# Understanding NumPy's nonzero function

I am trying to understand numpy's nonzero function. The following is an example application:

import numpy
arr = numpy.array([[1,0],[1,1]])
arr.nonzero()
--> (array([0, 1, 1]), array([0, 0, 1]))

I can see that because arr is 2-D, the output of nonzero() is a 2-tuple. However, I do not understand why the number of indices in each element of the tuple exceeds the number of rows/columns of the array. I can see that

arr[arr.nonzero()]
--> array([1, 1, 1])

But how...?

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Each element of the tuple contains one of the indices for each nonzero value. Therefore, the length of each tuple element is the number of nonzeros in the array.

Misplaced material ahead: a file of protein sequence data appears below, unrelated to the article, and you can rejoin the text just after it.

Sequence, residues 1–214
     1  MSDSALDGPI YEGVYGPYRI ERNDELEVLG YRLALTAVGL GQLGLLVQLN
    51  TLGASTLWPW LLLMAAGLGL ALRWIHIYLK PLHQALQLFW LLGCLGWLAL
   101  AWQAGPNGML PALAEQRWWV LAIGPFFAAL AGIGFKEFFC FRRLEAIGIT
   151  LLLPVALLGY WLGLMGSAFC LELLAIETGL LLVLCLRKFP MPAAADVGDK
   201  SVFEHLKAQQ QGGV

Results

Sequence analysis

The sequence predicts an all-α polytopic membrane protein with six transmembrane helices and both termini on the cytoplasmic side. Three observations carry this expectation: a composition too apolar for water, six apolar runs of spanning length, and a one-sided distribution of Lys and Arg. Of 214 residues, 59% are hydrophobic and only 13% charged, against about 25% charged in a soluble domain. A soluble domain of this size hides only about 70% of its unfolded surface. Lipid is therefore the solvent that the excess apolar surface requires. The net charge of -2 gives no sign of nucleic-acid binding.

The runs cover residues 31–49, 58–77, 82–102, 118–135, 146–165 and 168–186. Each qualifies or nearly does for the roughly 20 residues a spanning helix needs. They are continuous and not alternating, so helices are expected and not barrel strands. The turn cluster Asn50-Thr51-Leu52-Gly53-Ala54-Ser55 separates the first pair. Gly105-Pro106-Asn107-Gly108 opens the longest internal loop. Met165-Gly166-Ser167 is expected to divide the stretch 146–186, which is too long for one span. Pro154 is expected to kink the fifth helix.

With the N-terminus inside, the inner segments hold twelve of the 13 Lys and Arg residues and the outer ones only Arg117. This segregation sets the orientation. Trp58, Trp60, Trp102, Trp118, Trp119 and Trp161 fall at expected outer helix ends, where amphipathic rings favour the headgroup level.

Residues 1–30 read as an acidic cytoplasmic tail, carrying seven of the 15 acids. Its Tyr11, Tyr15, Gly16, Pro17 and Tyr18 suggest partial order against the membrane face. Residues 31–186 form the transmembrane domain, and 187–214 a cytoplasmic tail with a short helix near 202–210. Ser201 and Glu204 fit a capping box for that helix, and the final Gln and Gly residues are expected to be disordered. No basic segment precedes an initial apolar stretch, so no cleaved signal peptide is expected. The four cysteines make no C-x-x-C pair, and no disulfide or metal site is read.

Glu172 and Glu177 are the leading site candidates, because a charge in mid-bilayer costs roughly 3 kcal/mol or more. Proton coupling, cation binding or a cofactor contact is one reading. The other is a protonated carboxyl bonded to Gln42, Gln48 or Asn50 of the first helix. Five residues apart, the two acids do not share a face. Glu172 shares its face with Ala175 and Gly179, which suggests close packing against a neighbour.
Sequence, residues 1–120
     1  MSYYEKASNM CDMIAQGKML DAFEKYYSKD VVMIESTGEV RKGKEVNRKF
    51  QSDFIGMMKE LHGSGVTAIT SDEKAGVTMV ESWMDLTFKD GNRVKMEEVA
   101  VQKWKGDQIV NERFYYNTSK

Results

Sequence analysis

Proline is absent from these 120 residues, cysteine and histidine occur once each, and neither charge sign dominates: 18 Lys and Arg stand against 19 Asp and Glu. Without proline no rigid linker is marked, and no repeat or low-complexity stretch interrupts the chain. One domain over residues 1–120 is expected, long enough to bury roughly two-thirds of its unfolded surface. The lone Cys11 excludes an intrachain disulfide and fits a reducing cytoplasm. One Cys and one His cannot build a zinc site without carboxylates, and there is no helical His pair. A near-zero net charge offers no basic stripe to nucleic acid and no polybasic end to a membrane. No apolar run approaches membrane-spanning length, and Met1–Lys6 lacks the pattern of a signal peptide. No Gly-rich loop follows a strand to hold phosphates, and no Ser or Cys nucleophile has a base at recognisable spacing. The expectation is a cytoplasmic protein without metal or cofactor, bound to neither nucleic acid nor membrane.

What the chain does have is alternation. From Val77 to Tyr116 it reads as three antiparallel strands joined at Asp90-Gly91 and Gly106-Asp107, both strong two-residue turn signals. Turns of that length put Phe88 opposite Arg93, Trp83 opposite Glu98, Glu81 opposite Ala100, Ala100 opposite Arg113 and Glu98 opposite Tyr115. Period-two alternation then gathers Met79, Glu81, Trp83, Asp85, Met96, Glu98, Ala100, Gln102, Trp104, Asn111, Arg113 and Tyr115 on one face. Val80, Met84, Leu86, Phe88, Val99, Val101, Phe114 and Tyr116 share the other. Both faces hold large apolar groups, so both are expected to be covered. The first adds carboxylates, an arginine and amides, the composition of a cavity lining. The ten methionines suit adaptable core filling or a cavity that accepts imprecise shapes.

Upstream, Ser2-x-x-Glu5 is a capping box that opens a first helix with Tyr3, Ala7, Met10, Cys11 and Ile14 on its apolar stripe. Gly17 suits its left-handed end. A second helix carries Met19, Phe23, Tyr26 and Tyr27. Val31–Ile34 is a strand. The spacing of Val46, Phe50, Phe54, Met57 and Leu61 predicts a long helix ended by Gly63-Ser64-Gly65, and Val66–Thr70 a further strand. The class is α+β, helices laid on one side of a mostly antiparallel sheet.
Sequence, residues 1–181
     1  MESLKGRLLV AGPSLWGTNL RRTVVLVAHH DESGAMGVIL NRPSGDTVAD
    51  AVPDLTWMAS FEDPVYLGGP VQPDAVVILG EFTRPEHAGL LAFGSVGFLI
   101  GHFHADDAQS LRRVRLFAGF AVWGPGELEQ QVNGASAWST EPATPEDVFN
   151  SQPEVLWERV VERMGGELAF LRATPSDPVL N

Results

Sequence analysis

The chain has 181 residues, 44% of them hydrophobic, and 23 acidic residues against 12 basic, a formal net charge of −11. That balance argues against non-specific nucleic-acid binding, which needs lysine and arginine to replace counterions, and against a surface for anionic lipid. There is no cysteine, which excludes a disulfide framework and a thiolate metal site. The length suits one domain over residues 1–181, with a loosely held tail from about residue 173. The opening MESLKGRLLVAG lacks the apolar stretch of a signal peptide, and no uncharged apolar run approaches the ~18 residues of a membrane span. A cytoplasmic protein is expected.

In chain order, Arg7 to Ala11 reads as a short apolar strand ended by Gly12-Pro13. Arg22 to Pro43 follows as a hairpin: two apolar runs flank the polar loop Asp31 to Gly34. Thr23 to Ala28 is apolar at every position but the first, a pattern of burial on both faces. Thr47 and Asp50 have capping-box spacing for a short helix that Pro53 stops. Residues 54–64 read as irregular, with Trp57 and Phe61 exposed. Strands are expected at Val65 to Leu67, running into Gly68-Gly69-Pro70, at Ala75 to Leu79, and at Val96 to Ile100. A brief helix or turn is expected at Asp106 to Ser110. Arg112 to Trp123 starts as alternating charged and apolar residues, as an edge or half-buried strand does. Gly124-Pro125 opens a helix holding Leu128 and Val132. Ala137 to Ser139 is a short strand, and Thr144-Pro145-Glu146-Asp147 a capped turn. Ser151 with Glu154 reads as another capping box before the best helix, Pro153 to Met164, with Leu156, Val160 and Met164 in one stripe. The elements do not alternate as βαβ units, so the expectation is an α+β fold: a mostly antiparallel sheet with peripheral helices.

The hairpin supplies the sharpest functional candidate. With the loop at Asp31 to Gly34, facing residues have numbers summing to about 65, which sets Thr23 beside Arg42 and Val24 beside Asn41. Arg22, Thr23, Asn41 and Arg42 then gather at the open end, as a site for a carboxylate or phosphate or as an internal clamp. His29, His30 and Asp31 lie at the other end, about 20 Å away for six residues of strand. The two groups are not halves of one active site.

From your example, the indices of the nonzeros are [0, 0], [1, 0], and [1, 1]. The first element of the tuple is the first index for each of the nonzero values: ([0, 1, 1]), and the second element of the tuple is the second index for each of the nonzero values: ([0, 0, 1]).

Your second code block just returns the nonzero values of the array (I am not clear from the question if the return value is part of the confusion).

>>> arr[arr.nonzero()]
array([1, 1, 1])

This is more clear if we use an example array with other values.

>>> arr = numpy.array([[1,0],[2,3]])
>>> arr[arr.nonzero()]
array([1, 2, 3])
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Ah, so seeing it as [0, 0], [1, 0], and [1, 1] makes sense. so zip(arr.nonzero()) are meant to return these paired indices. – crippledlambda Oct 28 '11 at 2:27